It can be found also in shampoo, soap, hair conditioner, cosmetics, flavored drinks, chewing gum, and candy. Glutamate is even included in live virus vaccinations.
Research is showing that glutamate causes brain lesions in young laboratory animals resulting in hormone imbalances and obesity later in life. Research is also showing that chronic pain sufferers: headache, migraine, fibromyalgia, arthritis, etc., all have elevated levels of glutamate in the cerebral spinal fluid. Reducing these levels by eliminating glutamate in the diet can reduce or eliminate the pain experienced.
Another little trick that glutamate performs is causing fluid retention. So not only is it linked to hormone imbalances and obesity, it also causes bloating and fluid weight gain. If you have been trying to diet, and are becoming frustrated, look for glutamate hidden in your foods. (It is frequently found in low-fat or no-fat dairy products.)
Initially, it will take a little longer in the grocery store to read labels more carefully. As you become familiar with the foods that do and do not contain glutamate in any form, it will become easier to avoid. It will save large amounts of time spent suffering pain and discomfort. And probably save money too, as all the pain relievers will no longer be necessary.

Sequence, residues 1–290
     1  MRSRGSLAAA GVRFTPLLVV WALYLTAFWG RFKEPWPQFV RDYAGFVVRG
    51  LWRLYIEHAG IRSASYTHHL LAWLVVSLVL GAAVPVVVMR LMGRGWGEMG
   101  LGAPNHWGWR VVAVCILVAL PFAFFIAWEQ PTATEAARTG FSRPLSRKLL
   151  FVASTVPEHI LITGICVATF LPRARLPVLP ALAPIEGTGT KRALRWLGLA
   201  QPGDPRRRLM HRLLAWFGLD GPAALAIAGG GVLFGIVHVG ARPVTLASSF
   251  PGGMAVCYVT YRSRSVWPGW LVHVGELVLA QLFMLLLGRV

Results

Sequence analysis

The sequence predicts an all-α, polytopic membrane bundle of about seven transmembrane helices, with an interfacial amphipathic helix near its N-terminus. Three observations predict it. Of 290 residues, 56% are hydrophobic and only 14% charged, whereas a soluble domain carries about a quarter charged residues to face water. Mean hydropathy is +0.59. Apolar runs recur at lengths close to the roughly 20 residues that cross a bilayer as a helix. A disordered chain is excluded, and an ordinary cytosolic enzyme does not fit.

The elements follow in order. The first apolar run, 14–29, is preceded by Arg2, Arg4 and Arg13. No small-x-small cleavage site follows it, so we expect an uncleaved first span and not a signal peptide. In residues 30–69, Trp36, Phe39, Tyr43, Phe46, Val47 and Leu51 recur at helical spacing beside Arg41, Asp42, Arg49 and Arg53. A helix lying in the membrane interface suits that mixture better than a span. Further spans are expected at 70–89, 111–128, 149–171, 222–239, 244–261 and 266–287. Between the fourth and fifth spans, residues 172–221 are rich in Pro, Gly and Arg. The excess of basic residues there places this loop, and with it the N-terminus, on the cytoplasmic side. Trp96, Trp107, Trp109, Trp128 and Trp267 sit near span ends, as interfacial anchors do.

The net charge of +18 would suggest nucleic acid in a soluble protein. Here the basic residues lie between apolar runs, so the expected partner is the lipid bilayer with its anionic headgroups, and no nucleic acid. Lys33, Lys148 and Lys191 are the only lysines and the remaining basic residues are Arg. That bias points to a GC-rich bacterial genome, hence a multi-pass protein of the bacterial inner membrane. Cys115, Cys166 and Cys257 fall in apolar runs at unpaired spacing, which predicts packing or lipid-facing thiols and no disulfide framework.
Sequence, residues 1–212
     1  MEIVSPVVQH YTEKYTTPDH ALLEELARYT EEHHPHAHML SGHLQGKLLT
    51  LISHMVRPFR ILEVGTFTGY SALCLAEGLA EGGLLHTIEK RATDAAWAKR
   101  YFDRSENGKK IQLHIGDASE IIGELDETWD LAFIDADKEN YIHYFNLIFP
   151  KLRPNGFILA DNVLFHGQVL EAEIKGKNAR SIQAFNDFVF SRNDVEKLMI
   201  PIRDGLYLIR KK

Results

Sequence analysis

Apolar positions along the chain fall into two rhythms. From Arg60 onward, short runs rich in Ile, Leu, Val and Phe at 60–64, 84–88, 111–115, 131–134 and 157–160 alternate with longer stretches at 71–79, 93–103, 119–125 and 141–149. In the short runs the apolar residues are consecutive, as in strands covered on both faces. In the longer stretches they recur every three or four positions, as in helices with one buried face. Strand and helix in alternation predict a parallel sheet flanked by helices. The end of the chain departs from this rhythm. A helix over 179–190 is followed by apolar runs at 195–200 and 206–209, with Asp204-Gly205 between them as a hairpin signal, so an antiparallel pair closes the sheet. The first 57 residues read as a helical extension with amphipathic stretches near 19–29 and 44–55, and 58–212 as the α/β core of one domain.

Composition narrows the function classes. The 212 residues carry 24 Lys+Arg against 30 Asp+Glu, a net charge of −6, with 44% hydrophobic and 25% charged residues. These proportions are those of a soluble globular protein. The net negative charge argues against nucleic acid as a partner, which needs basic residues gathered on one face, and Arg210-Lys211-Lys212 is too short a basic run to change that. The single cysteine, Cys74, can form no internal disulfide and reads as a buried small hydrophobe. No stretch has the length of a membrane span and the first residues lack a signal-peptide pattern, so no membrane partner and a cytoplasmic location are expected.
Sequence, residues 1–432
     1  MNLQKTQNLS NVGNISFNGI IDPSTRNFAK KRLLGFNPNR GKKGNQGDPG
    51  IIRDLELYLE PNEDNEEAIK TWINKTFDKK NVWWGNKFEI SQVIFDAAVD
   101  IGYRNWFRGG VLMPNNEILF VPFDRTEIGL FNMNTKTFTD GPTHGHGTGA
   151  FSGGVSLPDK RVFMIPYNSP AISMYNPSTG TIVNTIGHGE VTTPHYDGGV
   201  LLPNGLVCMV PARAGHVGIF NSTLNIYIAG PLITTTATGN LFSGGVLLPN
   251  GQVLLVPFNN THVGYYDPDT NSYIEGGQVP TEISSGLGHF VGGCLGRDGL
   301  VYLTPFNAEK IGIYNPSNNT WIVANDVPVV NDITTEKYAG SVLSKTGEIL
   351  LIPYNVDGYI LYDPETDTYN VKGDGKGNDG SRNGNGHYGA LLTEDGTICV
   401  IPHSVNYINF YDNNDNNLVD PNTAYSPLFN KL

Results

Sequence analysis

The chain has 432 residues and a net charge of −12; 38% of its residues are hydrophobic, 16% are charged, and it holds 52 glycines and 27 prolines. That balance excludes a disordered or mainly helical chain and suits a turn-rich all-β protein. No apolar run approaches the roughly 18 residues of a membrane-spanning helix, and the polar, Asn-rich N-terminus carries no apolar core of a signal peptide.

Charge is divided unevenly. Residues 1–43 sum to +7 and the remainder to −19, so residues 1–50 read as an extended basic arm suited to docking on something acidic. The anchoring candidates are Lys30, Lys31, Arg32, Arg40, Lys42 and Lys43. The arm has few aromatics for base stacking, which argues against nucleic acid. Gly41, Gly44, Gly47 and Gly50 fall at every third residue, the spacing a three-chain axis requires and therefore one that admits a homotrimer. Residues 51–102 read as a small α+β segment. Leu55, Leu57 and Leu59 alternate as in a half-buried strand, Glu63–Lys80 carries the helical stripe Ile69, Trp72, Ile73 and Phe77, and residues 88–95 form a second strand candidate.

For further information, check out www.truthinlabeling.org.
For a change of scenery, Robert and Lillian Buck decided to go to Lancaster for their vacation. One of the interesting things they did was to see the current production at the “Sight and Sound” theater, and then went backstage to see how it was all put together. Returned a week ago Sunday.
The square dance on the 20th of August was the best ever. The music by “Just Us” resulted in an enthusiastic crowd that kept the floor vibrating with round and square dancing.
Gale Williams, Kristen Potter, Steve and Ginny Williams accompanied their mother to Syracuse last Saturday to attend the wedding of her nephew. They stayed overnight and came home Sunday.
Last Saturday night, Arthur Kopp had to rush his wife back to Binghamton to the hospital. She had suffered a stroke. What a blow this is to the woman who has suffered so much.
Barb and Roger Glover had quite a busy weekend. On Saturday they attended the Neild reunion held at the home of Banicky’s in Orson, Saturday night they were at the square dance and Sunday they hosted the Klym family reunion at their home.
Staying overnight at the Glovers’ was Barb’s daughter, Andrea Knox and her children, Brittany, Ethan and Connor. They all came to church on Sunday along with Barb’s son, wife and boys.
At the home of June Downton last Sunday, the 21st, about eighty people of the Henry family joined together in a family reunion.
The Gulley family is moving to Susquehanna.
My visitors last week were my grandson, Matt, his girlfriend, and two male friends of Matt. They’re all busy working.
This week, Gina Upright stopped by and yesterday, Tuesday the 23rd, Rosemary Cosentino and her mother, Marie Soden, who was visiting from Tyrone, PA came and we had a good time reminiscing and playing Quiddler.